Saturday, April 16, 2016
Controlling Diabetes with a Patch
The new “smart cell patch” developed at UNC and NC State is a proof of principle to treat millions of people with type 1 and advanced type 2 diabetes.
For decades, researchers have tried to duplicate the function of beta cells, the tiny insulin-producing entities that don’t work properly in patients with diabetes. Insulin injections provide painful and often imperfect substitutes. Transplants of normal beta cells carry the risk of rejection or side effects from immunosuppressive therapies.
Now, researchers at the University of North Carolina at Chapel Hill and North Carolina State University have devised another option: a synthetic patch filled with natural beta cells that can secrete doses of insulin to control blood sugar levels on demand with no risk of inducing hypoglycemia.
The proof of concept builds on an innovative technology, the “smart insulin patch,” reported last year in the Proceedings of the National Academy of Sciences. Both patches are thin polymeric squares about the size of a quarter and covered in tiny needles, like a miniature bed of nails. But whereas the former approach filled these needles with manmade bubbles of insulin, this new “smart cell patch” integrates the needles with live beta cells.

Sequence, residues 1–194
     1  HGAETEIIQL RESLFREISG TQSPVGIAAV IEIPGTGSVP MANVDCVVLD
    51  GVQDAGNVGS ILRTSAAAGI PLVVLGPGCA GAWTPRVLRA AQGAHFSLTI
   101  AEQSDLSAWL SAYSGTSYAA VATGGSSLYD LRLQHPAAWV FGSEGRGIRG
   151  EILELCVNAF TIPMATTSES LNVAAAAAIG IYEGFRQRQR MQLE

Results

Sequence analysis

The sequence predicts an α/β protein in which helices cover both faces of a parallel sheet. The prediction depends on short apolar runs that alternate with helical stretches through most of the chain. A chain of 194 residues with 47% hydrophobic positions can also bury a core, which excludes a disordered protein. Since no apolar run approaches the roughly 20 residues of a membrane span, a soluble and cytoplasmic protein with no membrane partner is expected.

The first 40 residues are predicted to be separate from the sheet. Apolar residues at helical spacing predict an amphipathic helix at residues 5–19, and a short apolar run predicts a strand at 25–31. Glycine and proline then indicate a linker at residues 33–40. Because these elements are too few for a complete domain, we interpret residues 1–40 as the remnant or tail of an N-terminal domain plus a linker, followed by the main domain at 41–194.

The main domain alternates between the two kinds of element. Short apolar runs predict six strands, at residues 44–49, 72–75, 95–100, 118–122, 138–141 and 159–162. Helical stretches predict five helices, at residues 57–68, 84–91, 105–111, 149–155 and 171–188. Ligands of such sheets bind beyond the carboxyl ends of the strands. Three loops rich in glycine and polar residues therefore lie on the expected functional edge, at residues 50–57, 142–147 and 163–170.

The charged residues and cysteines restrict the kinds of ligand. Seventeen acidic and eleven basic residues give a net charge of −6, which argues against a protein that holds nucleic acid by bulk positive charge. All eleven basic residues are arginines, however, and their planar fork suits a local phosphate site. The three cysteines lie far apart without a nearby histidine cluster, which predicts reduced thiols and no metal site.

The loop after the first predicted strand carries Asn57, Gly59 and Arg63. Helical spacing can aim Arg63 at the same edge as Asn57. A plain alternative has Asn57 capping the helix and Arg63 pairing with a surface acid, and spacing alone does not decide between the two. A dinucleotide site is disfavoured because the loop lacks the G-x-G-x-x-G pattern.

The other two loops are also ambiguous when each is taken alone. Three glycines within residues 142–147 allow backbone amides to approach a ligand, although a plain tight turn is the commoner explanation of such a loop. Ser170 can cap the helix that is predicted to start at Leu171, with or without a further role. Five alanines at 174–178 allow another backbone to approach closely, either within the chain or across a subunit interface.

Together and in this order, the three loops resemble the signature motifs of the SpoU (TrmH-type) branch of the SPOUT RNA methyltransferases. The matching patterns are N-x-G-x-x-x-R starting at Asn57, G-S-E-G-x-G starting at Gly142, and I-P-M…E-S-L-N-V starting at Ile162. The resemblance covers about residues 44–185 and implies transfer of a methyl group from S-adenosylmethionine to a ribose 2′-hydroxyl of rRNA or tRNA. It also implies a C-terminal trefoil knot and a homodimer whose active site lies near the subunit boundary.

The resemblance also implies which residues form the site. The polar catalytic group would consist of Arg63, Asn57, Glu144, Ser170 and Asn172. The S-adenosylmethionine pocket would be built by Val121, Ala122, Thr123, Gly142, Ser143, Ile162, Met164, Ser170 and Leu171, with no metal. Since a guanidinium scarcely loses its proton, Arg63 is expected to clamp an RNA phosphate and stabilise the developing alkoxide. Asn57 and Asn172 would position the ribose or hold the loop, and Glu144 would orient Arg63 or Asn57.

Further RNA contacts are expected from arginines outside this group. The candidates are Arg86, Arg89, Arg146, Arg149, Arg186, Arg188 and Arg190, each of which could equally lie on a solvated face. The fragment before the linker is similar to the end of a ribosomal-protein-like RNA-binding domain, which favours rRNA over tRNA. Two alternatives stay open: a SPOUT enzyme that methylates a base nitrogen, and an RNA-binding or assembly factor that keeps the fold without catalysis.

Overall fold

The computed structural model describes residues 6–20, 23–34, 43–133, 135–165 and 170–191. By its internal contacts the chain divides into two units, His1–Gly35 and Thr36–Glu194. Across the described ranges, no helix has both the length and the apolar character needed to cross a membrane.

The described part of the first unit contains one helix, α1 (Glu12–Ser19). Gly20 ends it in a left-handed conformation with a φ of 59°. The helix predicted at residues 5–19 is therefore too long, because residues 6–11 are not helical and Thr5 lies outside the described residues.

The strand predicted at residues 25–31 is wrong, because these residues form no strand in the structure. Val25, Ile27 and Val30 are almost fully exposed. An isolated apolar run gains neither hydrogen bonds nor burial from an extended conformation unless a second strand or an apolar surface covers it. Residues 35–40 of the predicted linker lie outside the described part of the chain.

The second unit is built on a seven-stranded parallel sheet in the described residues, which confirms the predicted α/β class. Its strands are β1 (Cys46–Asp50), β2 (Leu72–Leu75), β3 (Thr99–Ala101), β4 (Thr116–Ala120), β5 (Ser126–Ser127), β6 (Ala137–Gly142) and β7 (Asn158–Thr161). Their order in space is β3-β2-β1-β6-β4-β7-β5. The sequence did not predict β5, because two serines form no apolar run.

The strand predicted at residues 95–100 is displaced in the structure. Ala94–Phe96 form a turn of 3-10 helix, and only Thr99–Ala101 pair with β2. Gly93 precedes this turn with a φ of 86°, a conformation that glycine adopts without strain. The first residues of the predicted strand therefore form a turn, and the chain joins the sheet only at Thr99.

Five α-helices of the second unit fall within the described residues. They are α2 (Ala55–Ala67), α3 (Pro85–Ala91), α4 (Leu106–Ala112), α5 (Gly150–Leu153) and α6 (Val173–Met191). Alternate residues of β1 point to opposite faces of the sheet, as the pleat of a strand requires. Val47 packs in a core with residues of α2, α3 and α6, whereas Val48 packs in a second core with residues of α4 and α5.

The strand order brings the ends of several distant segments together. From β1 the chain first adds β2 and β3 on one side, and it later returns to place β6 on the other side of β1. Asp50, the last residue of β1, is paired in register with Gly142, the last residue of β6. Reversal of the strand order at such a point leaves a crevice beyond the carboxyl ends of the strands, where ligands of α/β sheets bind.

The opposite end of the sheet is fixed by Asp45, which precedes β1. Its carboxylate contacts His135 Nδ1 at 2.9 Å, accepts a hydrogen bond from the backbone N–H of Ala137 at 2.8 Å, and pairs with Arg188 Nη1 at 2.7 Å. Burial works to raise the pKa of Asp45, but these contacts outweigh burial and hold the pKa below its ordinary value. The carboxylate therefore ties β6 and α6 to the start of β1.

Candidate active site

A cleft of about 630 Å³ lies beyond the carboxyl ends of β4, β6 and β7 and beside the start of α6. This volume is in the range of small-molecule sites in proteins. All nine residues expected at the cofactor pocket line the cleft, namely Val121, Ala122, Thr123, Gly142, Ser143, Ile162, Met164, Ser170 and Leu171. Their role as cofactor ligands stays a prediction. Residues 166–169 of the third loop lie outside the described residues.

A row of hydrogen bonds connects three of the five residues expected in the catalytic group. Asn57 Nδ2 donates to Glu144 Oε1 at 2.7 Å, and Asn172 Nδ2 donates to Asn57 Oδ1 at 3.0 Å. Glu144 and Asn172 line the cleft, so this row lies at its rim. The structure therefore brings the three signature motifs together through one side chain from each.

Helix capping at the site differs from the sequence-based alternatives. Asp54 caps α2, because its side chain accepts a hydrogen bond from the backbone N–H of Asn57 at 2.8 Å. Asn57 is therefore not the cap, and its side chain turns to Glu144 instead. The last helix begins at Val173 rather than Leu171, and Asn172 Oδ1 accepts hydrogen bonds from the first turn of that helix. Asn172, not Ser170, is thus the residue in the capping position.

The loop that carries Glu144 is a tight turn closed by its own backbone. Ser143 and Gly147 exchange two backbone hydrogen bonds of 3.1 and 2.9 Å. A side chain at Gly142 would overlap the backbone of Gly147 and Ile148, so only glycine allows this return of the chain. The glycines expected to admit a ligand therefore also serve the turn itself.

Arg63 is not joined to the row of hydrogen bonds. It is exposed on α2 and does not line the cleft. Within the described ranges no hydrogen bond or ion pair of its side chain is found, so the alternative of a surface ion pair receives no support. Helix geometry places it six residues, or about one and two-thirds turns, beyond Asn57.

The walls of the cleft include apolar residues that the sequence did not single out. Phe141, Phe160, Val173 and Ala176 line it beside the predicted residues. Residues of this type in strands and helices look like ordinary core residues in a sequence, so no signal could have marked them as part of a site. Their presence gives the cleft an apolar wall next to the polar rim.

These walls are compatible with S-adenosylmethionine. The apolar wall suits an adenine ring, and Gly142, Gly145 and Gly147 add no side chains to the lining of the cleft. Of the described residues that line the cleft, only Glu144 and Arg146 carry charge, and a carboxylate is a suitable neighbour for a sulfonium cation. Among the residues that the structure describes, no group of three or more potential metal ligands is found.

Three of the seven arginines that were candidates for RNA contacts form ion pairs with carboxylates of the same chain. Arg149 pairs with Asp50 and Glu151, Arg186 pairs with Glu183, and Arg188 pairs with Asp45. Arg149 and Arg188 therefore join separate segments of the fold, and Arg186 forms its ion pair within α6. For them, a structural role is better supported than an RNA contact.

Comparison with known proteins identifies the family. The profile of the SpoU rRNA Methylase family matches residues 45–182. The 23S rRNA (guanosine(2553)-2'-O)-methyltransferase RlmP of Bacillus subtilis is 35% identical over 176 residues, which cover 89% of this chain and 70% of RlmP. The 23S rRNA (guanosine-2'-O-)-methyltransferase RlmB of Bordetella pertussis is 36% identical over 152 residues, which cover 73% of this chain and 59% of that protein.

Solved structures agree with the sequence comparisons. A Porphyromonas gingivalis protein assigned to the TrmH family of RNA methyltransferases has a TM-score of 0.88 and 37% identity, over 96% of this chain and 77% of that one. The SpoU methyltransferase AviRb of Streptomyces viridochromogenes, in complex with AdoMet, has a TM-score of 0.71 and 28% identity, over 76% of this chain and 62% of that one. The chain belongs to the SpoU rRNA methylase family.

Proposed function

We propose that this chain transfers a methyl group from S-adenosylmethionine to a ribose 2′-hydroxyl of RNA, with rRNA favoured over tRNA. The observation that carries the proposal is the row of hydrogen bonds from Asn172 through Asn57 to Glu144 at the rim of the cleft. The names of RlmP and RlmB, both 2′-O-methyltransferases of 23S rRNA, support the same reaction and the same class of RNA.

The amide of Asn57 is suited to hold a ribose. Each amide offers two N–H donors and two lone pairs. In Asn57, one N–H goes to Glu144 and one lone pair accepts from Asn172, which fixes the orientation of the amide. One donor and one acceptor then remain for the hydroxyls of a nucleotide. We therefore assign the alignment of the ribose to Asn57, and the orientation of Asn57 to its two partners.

Source & further reading:http://news.unchealthcare.org/news/2016/march/scientists-create-painless-patch-of-insulin-producing-beta-cells-to-control-diabetes
The smart insulin patch could be placed anywhere on the body to detect increases in blood sugar and then secrete doses of insulin when needed.